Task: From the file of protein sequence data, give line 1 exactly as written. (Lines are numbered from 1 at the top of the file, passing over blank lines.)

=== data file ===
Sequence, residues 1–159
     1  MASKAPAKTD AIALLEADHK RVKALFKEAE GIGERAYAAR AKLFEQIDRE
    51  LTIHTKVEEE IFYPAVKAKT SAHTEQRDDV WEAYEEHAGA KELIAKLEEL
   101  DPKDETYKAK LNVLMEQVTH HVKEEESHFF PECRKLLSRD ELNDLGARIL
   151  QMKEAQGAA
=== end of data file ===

Sequence, residues 1–159